- require a judicial determination regarding custody of the children if the parties have children
- require an equitable division of the parties’ community property.
The only difference between the two at this point is the legal status: in one instance the parties are legally married but separated, and in the other, the marriage is completely dissolved.
Divorce vs. Legal Separation—Procedure
The procedure for obtaining a legal separation in Arizona is the same as obtaining a divorce. In both cases, one party must file a Petition with the court requesting their desired relief-whether that be for a legal separation or a divorce. Then, the filing party must serve the documents onto the responding (non-filing) party. Both cases then proceed in accordance with the Arizona Family Law Rule of Procedure. At any time during the litigation, either party can request to convert a Petition for Legal Separation to a Petition for Dissolution of Marriage.
Divorce vs. Legal Separation—Effects on Marital Community
Both divorce and legal separation terminate the marital community. But before discussing this it is important to have a basic understanding of the term “marital community.” In Arizona, when two people get married, the law deems that the two married people now constitute a “community.” This can be a confusing concept.
The community itself can be thought of as a fictional third person in a divorce process. For example, there is one spouse and all of their separate belongings they brought into the marriage, another spouse with their similar separate belongings, and then there is the “community”—which is a representation of everything earned, borrowed, purchased, or generally acquired during the marriage. Since Arizona is a community property state, the courts are concerned with equitably dividing the property acquired by the community.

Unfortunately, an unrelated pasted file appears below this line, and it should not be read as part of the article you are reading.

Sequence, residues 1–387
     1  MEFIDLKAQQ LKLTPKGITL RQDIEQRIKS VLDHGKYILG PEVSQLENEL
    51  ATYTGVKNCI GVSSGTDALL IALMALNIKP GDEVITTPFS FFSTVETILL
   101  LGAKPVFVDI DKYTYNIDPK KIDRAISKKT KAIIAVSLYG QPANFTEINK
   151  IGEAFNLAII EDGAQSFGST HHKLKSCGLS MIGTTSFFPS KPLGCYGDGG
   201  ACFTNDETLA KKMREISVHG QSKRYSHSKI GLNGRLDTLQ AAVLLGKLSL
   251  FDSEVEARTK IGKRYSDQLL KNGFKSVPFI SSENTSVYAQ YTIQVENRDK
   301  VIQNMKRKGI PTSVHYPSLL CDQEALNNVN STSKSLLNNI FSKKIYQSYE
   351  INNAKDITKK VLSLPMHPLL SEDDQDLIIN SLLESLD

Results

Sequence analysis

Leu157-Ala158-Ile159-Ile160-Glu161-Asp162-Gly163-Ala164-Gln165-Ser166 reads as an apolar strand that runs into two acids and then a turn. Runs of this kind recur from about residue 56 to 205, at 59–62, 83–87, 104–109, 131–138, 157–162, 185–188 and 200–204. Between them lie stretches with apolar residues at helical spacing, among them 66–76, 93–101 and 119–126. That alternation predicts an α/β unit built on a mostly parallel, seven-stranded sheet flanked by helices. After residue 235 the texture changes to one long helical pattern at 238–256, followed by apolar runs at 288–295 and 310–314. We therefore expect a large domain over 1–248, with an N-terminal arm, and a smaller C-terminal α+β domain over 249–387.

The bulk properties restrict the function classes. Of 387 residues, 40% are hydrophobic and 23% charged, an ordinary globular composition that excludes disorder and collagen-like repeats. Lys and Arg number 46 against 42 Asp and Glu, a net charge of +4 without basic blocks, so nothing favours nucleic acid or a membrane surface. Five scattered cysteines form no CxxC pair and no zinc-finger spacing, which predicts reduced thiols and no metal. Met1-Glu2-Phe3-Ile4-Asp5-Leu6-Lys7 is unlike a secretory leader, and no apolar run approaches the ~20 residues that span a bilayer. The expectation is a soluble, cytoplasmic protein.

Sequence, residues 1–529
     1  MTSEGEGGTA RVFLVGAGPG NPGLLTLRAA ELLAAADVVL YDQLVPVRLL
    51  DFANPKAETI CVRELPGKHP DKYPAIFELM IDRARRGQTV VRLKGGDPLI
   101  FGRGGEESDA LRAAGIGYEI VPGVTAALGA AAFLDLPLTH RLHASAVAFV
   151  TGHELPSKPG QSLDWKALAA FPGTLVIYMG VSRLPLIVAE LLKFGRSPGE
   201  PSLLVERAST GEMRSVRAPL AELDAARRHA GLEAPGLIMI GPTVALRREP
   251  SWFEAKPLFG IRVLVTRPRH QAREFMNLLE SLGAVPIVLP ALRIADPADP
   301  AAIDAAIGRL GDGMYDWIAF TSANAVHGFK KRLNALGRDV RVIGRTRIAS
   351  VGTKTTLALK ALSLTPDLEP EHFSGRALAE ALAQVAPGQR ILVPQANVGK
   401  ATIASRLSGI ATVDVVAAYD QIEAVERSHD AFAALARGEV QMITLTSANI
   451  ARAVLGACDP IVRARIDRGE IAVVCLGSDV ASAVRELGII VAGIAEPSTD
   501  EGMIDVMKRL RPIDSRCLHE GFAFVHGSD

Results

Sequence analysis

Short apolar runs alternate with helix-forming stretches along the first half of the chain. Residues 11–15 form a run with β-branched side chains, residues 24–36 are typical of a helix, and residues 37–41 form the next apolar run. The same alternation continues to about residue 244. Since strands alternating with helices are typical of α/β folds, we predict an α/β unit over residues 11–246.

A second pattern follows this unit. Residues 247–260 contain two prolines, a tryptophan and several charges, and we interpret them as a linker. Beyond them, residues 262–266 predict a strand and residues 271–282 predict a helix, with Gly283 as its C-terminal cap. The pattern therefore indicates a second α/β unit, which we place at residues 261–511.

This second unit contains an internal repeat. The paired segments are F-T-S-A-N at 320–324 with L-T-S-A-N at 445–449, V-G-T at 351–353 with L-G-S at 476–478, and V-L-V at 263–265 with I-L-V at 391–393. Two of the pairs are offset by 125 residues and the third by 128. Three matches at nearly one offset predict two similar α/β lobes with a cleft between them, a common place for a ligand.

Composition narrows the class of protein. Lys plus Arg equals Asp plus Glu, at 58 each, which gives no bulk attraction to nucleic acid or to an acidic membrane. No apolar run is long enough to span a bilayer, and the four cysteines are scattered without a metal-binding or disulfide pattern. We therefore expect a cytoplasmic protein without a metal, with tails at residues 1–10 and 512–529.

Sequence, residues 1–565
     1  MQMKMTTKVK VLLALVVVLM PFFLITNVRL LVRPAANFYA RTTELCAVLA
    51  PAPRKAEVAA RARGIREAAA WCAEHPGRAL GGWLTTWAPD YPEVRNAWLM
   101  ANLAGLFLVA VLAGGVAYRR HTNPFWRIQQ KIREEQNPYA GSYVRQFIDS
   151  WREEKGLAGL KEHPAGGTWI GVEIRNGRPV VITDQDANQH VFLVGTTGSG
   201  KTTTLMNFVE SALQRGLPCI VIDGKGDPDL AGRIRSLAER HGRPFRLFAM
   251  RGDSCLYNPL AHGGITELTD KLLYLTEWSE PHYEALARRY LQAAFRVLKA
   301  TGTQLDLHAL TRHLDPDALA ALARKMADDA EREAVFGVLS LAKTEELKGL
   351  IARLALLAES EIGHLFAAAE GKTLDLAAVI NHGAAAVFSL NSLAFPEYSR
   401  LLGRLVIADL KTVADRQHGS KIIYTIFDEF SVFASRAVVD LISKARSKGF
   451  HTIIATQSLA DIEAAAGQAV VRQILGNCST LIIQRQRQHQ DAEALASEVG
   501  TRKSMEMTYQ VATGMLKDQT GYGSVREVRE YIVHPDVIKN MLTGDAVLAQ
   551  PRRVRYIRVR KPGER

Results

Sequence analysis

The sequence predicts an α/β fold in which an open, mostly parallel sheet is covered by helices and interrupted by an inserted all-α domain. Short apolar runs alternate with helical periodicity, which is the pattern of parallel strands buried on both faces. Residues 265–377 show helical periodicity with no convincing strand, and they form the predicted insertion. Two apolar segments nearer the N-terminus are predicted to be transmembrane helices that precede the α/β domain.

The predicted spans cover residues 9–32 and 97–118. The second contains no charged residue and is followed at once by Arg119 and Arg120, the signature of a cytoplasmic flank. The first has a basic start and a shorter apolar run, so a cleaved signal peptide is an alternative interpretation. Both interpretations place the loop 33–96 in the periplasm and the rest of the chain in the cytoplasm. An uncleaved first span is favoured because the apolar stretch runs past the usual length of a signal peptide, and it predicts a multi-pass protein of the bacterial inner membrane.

But when a petition has been filed and served onto the opposing party, the community terminates at that point. And because the marital community is no longer intact after service of the aforementioned petition, therefore parties can no longer incur debt that the other party is obligated to as it relates to community property laws.
Assets, such as real property, income, or any investments obtained or earned by one party are no longer subject to community property laws. Finally, when there are minor children that are common to the parties’ marriage, parenting time, legal decision-making, and child support must be determined.
The Benefits of a Legal Separation as Opposed to a Divorce in Arizona
At this point, you may be wondering why a person would opt for a legal separation as opposed to a divorce. Maybe the parties are not ready to end the relationship altogether but would rather just be legally separated. Insurance benefits could play a role in the decision. If both parties are still legally married and therefore an insurance provider may still carry the other party on the applicable plan. Social security benefits could be another issue. Sometimes people choose not to divorce because of their religious beliefs.
If you are contemplating divorce or legal separation in Arizona, and have additional questions about which may best fit your needs, please do not hesitate to contact Burggraff Tash Levy PLC to schedule a confidential, no-pressure consultation with one of our Scottsdale, Arizona divorce lawyers.